Complicating this ethical quagmire is the fact that with respect to abortion, the whole “my body, my choice” argument is so out of date as to be laughable. Our present scientific understanding of fetal development makes absolutely clear to anyone willing to be intellectually honest that any child in any woman’s womb is not simply a part of that woman’s body. A child in utero is an individual human being, and has a body that is distinct from, even if dependent upon, that of its mother. Everything we know about human biology verifies this. Of course, the principle of bodily autonomy has never really applied to abortion, but those who continue to use such language in defense of unrestricted abortion rights are not doing what they would otherwise have the vaccine-hesitant do: that is, follow the science (Ah, the mantra of our age!). Those who argue for the pro-choice position because of the principle of bodily autonomy do so with no basis in scientific fact. On the other hand, those who argue that government leaders have no authority to mandate COVID vaccines (especially to maintain one’s livelihood and provide for themselves and their families) can easily stand on the ground that this principle provides.
If the argument for vaccine mandates is that they are needed in order to protect other people from harm, the only way for anyone to also support abortion is to advocate for the fatal harm of the unborn child. Indeed, if we were to talk about the need for vaccine mandates as necessary for protecting the most vulnerable, truly there is no one more vulnerable than an unborn child. Anyone who argues that vaccine mandates ought to be put in place should also be among those who advocate most vocally for the protection of unborn children. Put simply, to those who advocate for the mandates and for abortion rights: you can’t have your cake and eat it too.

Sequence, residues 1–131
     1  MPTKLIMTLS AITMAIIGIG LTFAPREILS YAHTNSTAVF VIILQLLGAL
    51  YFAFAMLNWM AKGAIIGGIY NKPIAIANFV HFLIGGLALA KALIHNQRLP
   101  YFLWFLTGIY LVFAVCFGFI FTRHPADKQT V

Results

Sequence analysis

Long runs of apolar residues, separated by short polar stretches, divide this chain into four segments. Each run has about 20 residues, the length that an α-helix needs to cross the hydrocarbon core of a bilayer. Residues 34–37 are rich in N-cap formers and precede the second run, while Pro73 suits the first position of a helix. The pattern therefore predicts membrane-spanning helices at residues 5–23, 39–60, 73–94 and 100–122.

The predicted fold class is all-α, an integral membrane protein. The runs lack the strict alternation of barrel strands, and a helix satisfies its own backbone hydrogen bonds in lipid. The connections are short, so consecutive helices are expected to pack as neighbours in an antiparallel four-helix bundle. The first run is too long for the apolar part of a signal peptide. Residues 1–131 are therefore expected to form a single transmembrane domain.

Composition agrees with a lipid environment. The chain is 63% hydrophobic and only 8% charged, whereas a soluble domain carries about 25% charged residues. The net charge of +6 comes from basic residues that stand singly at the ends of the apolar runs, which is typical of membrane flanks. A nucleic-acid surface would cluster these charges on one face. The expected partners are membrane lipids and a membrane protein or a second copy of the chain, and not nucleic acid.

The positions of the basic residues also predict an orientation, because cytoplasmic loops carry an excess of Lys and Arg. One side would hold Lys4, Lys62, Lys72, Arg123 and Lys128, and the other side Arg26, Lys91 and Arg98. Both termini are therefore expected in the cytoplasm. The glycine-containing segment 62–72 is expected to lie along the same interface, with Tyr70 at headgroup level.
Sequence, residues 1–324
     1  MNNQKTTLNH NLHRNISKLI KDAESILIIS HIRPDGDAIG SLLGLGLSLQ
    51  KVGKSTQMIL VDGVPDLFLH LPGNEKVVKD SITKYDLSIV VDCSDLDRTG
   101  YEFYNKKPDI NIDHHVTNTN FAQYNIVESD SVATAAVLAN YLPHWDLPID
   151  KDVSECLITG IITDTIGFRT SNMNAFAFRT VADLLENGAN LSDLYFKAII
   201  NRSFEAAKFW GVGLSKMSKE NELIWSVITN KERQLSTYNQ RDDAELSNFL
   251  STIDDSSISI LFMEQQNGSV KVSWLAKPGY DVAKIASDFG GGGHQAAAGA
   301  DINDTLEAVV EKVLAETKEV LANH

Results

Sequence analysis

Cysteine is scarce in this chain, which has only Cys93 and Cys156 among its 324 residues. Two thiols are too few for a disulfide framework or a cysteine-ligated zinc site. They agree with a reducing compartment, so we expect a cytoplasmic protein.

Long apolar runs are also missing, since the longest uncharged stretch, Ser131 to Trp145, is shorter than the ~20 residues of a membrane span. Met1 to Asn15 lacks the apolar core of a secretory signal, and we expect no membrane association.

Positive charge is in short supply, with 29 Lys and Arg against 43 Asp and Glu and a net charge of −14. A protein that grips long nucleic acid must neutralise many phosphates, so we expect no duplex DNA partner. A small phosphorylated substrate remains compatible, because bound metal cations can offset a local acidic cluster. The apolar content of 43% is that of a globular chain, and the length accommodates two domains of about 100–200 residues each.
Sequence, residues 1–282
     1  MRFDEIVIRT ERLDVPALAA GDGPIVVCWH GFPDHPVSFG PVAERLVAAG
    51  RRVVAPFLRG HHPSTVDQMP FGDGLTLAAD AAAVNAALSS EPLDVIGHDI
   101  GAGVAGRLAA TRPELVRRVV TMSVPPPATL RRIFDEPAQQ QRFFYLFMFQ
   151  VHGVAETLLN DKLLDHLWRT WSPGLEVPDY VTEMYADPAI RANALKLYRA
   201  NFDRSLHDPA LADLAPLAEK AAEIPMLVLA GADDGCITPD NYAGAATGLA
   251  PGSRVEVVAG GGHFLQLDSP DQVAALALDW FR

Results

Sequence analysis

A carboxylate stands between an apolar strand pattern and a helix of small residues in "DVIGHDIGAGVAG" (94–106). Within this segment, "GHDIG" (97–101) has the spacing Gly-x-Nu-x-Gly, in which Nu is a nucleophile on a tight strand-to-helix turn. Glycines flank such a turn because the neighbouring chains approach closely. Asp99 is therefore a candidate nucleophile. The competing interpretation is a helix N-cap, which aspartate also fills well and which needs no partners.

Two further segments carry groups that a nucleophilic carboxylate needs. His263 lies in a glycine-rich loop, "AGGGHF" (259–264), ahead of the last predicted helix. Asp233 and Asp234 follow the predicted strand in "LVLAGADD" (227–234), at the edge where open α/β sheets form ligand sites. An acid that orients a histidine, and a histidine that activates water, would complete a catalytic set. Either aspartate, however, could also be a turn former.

What I really find striking about all of this, therefore, is the cognitive dissonance that must (or should) exist for those who advocate for both abortion rights and vaccine mandates. Either we can choose to do what we want with our bodies without legal ramifications or not. Which is it? You can’t have both, not if you’re actually thinking it through carefully. Those who try to have both are either disingenuous or delusional. I don’t know how else to put it. Because when I hear Prime Minister Trudeau belittle another party leader for not requiring (actually, he used the word “forcing”) his candidates to get vaccinated (to have a needle poked into their bodies) and also say that we need to protect a woman’s right to choose (to kill another human being who has their own body), my head spins. I feel the cognitive dissonance. Why doesn’t he?
The conversation–not to mention the partisan arguments and the protests–surrounding vaccine mandates are front and center at the moment. However, underlying this conversation is a whole series of deeper questions that are complicated but fundamental. They involve what it means to be human, what it means that we have rights and freedoms as individuals, what authority do we want (and therefore allow) our government to exercise in our lives, and what our responsibilities, duties, and obligations are to one another. In an age of tweets and sound-bites, most of this gets lost in the media, as politicians and pundits alike banter back and forth. There is virtually no public forum where conversations of sufficient depth take place with respect to such fundamental concerns. As a consequence, trust in public institutions is understandably at a low point. These are challenging times. There are no easy answers that will satisfy everyone. But I certainly wish those who are our political leaders would at least show more signs of recognizing, if not the cognitive dissonance I’ve pointed out, then the genuine concerns those with whom they disagree have about these important questions.